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Facing a global semiconductor chip shortage, Intellivision has delayed the launch of its Amico retro console for a third time.

The console was most recently scheduled to debut in October, and now it will be delayed until the end of the year. But there isn’t an exact launch date, based on the company’s announcement on late Friday.

In a message to GamesBeat, CEO Tommy Tallarico said that the company will try to ship its preorders by the end of the year, but he acknowledged that the “component crisis and shipping is extremely challenging.”

The global semiconductor shortage has affected all electronics companies, and the car industry is expected to lose $100 billion in sales in 2021 because of the chip shortage, according to professional services firm KPMG.


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Above: Tommy Tallarico is CEO of Intellivision and a longtime game musician.

“Despite our best efforts, and now facing new unprecedented international component supply and logistics challenges beyond our control, we want to apologize as we are forced to push our desired launch date yet again,” Tallarico said in an announcement.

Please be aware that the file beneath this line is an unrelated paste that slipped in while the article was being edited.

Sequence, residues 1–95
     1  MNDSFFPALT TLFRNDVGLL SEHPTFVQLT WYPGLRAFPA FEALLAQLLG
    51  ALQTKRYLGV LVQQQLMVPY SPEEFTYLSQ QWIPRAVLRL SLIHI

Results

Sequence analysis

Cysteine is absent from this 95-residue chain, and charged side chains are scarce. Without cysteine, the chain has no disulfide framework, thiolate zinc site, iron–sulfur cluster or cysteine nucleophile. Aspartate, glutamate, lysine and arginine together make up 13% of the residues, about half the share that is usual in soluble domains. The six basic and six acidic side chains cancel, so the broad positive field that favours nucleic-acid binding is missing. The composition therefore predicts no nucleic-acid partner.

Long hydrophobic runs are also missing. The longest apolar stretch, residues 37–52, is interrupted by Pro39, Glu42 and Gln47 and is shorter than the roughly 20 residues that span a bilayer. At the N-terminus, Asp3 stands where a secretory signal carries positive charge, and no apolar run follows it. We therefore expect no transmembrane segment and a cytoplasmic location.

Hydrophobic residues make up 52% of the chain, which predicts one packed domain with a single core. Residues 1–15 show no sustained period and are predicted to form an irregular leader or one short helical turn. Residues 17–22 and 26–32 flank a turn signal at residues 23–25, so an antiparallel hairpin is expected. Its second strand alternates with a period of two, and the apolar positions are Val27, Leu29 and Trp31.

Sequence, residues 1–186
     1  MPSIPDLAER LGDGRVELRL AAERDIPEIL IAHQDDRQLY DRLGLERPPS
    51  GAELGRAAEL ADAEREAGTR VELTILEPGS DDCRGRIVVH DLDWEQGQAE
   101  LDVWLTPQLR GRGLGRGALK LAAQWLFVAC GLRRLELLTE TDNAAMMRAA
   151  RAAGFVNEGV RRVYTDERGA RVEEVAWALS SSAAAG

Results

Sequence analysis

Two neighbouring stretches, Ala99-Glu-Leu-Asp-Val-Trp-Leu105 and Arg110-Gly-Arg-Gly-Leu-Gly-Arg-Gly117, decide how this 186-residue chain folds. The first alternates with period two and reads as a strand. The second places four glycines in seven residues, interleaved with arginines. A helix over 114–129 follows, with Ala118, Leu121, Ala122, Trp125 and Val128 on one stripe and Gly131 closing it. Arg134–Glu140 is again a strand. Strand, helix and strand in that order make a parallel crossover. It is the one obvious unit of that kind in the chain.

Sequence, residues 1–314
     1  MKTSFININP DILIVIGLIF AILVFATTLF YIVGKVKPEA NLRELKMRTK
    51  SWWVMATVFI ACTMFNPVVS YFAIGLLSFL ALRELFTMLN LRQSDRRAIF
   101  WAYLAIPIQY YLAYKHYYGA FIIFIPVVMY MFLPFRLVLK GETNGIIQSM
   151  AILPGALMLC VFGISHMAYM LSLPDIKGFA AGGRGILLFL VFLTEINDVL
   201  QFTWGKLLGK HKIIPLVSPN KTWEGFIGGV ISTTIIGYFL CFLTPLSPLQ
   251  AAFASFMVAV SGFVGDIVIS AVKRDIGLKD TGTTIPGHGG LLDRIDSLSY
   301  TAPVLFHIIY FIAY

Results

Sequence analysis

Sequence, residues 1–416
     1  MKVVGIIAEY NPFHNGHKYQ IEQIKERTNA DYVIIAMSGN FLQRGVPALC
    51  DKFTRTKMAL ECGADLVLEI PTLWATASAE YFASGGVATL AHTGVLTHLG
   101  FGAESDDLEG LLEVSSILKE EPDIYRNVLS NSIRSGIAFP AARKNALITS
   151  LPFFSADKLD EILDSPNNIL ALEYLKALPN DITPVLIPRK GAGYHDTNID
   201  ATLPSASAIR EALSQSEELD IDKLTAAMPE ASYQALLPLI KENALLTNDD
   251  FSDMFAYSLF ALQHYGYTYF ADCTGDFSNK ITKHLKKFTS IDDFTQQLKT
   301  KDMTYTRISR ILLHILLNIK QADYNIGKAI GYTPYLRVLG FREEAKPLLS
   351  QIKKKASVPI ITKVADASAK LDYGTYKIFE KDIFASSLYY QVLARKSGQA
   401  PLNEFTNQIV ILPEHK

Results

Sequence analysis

He said this will give the company more time to optimize its operating system for future game development. He said the company will keep all parties informed on its progress.

Tallarico had originally planned to launch the console in October 2020, before both Sony and Microsoft were due to ship their next-generation consoles. But the pandemic disrupted those plans and the Intellivision had to postpone its launch date until April 2021. Then Tallarico further delayed it to October 2021, and now it has been rescheduled again.

In the meantime, Tallarico said the company has grown to more than 60 employees and he said the games are turning out to be fun.

The Amico plan

Intellivision has a big funky controller that looks like it's from the 1980s.

Above: Intellivision has a big funky controller that looks like it’s from the 1980s.

Image Credit: Intellivision

The original Intellivision is a game console from Mattel that gave Atari a run for its money in the early 1980s. It was more advanced than the Atari 2600, with better graphics, and it even had simple voices in some games.

Tallarico has been in the video game industry for 32 years, and he created the “oof” sound that became the signature sound for Roblox games. Tallarico, who created the Video Games Live concert series, announced in 2018 that he had acquired the rights to the console and its original games and planned to relaunch Intellivision as a retro brand.

He has rounded up many of the original Intellivision’s game creators. They’re remaking some of the original games for the old Intellivision, such as Breakout, but with modern designs.


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